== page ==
Peter Montgomery wrote:
> I vaguely remember one line from one of the
> broadcasts. It was directed at the soldiers
> and went "What are you fighting for?"
> Lots of ammunition there. My impression was he
> was seduced by Mussolini's love of the arts and
> promise to support artists. The rest is pure
There is an article, I think in _Critiical Inquiry_ which identifies
some of the personal experiences which became in Pouind's mind a basis
for admiring Mussolini. But Pound brought a certain perspective to bear
on those experiences, and it was that perspective which runs through the
_Cantos_. After 50 years of calling everything we don't like "fascist"
(or Nazi), one loses a sense of the specific differentiae of those
phenomenat, their historical location. And of of their aspects was that
they appealed in very different ways and for very different reasons to
different 'sectors' of the population. Someone needs to (perhaps someone
has and I just haven't heard of it) write a book on the form fascism
took in the mind of the intellectuals it attracted (Pound, Eliot, Yeats,
Lawrence, W. Lewis, Heidegger, etc.) For Lawrence, perhaps for
Heidegger, and in a different way Lewis, the appeal was a racialist
appeal. (Eliot was always more cautious than the others, so the extent
of attraction he felt is quite unclear.) But what they all did, I think,
was impose an idea in their heads onto the fascist (or Nazi) movements,
which bore little necessary relation to the actualities of the two
Social Credit leads to attraction to some form of authoritarianism --
and the forms available were Mussolini and Hitler. Very crudely (and
just one of the forms): the government prints money (it does _not_
collect taxes), but the money is dated, and loses X% of its value at
regular intervals, so the possessor has to spend it before it loses all
its value. Hence circulation is maintained. But how do you get people to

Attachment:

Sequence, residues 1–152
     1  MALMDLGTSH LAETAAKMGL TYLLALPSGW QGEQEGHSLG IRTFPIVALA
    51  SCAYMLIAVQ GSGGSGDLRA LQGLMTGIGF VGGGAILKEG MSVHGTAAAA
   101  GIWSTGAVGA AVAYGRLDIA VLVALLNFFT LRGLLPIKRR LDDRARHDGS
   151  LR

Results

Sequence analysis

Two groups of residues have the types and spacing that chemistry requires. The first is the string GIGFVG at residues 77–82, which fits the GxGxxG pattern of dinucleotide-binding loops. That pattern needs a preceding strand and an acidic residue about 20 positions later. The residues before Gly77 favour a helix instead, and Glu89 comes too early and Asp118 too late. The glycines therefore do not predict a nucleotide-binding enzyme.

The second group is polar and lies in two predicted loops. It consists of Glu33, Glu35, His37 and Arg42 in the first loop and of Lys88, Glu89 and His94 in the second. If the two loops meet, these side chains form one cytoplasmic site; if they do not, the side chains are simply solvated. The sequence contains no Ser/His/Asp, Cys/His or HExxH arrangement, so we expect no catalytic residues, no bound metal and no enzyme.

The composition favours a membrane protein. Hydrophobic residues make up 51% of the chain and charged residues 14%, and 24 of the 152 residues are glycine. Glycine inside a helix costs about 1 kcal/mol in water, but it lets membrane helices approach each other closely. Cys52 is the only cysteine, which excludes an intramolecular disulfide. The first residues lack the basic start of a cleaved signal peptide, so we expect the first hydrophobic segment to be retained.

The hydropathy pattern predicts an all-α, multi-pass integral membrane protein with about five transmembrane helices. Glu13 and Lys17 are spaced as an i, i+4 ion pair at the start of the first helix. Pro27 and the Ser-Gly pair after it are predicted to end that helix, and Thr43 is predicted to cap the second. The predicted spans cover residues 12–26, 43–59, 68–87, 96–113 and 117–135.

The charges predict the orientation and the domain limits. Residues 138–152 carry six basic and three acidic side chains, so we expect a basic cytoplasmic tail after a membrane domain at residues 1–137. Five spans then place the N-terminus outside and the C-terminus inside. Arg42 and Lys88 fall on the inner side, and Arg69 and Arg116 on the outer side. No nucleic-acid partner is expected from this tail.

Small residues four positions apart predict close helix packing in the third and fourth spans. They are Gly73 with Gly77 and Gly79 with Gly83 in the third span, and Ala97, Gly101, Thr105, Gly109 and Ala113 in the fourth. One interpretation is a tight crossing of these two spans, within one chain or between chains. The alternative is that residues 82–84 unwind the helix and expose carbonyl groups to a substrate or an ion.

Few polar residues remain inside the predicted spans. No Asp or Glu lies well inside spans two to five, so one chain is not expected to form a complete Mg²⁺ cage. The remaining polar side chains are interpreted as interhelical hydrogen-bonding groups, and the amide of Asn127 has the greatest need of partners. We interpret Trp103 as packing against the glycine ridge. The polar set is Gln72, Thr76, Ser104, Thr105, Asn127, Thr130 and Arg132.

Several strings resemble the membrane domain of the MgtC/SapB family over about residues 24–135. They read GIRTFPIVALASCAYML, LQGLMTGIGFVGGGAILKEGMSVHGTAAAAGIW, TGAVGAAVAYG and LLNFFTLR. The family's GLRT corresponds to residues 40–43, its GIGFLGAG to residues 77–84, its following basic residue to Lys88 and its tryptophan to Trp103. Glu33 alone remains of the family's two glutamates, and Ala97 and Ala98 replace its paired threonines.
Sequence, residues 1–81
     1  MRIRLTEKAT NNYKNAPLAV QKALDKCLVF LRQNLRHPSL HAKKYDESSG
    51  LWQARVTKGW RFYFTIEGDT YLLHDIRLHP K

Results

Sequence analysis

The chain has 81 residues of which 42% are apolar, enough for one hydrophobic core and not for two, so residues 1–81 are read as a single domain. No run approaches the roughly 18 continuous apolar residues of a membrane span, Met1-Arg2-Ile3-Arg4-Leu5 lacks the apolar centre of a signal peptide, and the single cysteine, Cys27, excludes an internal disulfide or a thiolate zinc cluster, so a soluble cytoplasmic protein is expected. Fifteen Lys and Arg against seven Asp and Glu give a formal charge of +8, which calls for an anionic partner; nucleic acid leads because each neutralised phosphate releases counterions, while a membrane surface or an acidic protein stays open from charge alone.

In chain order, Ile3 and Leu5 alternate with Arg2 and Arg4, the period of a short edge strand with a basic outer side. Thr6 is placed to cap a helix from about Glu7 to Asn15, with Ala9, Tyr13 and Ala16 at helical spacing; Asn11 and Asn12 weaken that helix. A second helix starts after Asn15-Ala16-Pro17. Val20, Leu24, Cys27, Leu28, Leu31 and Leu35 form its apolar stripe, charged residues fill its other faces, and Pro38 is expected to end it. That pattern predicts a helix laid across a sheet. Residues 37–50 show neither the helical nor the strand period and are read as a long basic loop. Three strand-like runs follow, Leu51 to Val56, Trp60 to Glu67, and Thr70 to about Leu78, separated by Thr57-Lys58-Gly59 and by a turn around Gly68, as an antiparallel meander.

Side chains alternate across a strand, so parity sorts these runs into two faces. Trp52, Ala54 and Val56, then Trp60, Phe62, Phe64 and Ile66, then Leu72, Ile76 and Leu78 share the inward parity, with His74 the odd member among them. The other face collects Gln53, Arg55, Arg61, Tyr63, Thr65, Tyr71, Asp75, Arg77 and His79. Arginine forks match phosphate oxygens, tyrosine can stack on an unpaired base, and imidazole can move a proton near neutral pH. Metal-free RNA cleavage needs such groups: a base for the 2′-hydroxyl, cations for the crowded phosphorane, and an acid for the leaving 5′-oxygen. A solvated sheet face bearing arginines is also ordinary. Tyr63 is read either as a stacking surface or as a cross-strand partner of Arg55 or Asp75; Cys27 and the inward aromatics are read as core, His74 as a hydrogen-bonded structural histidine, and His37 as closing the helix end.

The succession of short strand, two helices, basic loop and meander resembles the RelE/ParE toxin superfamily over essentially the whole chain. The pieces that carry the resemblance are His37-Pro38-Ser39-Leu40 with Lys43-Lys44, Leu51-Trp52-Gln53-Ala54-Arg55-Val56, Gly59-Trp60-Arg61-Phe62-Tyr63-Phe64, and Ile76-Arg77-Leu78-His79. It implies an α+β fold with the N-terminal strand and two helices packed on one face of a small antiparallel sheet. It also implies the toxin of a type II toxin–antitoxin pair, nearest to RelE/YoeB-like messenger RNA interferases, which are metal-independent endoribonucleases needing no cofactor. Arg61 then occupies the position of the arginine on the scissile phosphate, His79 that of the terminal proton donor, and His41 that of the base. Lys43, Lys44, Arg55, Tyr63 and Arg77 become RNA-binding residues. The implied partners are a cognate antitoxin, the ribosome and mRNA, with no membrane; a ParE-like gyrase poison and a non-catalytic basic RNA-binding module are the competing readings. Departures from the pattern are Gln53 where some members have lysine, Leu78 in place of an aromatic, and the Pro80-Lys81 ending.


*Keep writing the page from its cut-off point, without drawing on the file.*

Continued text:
accept funny money? You put a gun to their head and say, take it. (This
is _very_ crude, but the feel is more or less correct.) Pound became
convinced that Mussolini was doing something like this.
There is a passage, both wonderful and vile, someplace in _Rock-Drill_
which I can't locate just now, that is something like:
Adolph furious from perception,
But there is a blindness that comes from inside.
(The further in the past the real Adolph fades, the less the clash with
reality will block out the profundity of the lines.) It applies to
Pound. He was enraged by human misery. He eventually came to see himself
that something had gone wrong (see the lines I quoted in an earlier post
from the last fragments of the unfinished Cantos). He had the Platonic
belief that that human well-being could only be ministered to by an
elite, but he was focused on human well-being:
The enormous tragedy of the dream in the peasant's bent shoulders
(First line of the _Pisan Cantos_)
I went to Clay's on the Friday, the youngest child
went to sleep on the sofa.
Mrs Clay, as always since the death of her daughter,
the picture of desolation
But calm and conversable.
Clay and I parted at midnight.
Saturday, Randolph's, George town,
Could not ask him
but mentioned the child asleep on the sofa.
"I shall do nothing to disturb its sleep
or the repose of its mother",
and went on making codicils for things of slight value . . . .
Where else in all the great high moderns do you have anything like
these? Beside them the lines beginning "In that open field" in _East
Coker_ are thin in their vision, fine as they are in many ways. (The
lines on the sleeping child are taken from Senator Thomas Hart Benton's,
_Thirty Years View of the United States Senate_, and refer to a duel
between Clay and Randolph. I don't know of any real parallel to that
sleeping child in 20th century literature. (Randolph planned not to